Europlanet Science Congress 2020
Virtual meeting
21 September – 9 October 2020
Europlanet Science Congress 2020
Virtual meeting
21 September – 9 October 2020
EPSC Abstracts
Vol. 14, EPSC2020-828, 2020, updated on 12 May 2021
Europlanet Science Congress 2020
© Author(s) 2021. This work is distributed under
the Creative Commons Attribution 4.0 License.

Simulated effect of the Galactic Cosmic Rays on the surface of Pluto’s dark-red region

César Feniou1, Lora Jovanovic1, Thomas Gautier1, Nathalie Carrasco1, Jérémy Bourgalais1, Philippe Boduch2, Hermann Rothard2, Basile Augé3, Bernard Schmitt3, Marie Fayolle3, Véronique Vuitton3, Olivier Poch3, and Eric Quirico3
César Feniou et al.
  • 1Université Paris-Saclay, UVSQ, CNRS, Sorbonne Université, LATMOS/IPSL, Guyancourt, France (
  • 2Centre de Recherche sur les Ions, les Matériaux et la Photonique, CEA, CNRS, ENSICAEN, Normandie Université, Caen, France
  • 3Université Grenoble Alpes, CNRS, IPAG, Grenoble, France

I. Introduction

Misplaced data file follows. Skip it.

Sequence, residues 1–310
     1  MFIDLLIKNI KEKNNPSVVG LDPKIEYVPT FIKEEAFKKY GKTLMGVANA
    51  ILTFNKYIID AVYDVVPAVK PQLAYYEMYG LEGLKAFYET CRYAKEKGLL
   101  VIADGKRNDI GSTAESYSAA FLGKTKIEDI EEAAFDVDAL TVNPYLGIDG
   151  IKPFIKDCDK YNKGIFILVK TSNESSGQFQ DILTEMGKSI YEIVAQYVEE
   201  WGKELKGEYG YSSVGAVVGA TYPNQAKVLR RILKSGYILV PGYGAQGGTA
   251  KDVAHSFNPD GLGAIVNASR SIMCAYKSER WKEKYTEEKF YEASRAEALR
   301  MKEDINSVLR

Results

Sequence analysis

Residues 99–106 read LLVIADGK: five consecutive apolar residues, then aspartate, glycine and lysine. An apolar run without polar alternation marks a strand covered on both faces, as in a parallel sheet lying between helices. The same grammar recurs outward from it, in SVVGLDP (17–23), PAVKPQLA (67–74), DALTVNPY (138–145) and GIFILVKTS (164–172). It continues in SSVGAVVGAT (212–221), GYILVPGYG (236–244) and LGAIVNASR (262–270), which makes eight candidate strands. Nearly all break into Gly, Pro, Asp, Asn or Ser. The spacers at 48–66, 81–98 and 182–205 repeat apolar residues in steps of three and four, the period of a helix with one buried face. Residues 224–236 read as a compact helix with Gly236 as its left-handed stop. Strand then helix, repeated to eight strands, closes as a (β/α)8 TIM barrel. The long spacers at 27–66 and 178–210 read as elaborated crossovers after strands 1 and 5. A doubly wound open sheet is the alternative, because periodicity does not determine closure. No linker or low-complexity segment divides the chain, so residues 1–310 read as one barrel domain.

On Pluto, the largest object in the Kuiper Belt, the dark surface of Cthulhu seems to indicate the presence of photochemical aerosols, stemming from the interaction between solar ultraviolet radiation and atmospheric methane, nitrogen, carbon monoxide, and further sedimentation [1-4]. Tholins have been tested and identified as analogues of the said surface. The flyby of the New Horizons Pluto probe enabled reflectance spectra acquisitions of the Cthulhu region. Dissimilarities were found with the reflectance of Pluto tholins, which might be due to Galactic Cosmic Rays (GCR) irradiation of Pluto’s surface [5]. To test this hypothesis, Pluto tholins were synthesized and swift heavy ion irradiation was performed on the analogues to simulate the impact of cosmic rays on the surface of Cthulhu region. Moreover, GCR-analogues irradiation of the said tholins triggers a desorption of organic volatile compounds whose study could provide crucial information on both the structure of tholins and the chemical mechanisms involved. The volatile desorption was followed by mass spectrometry.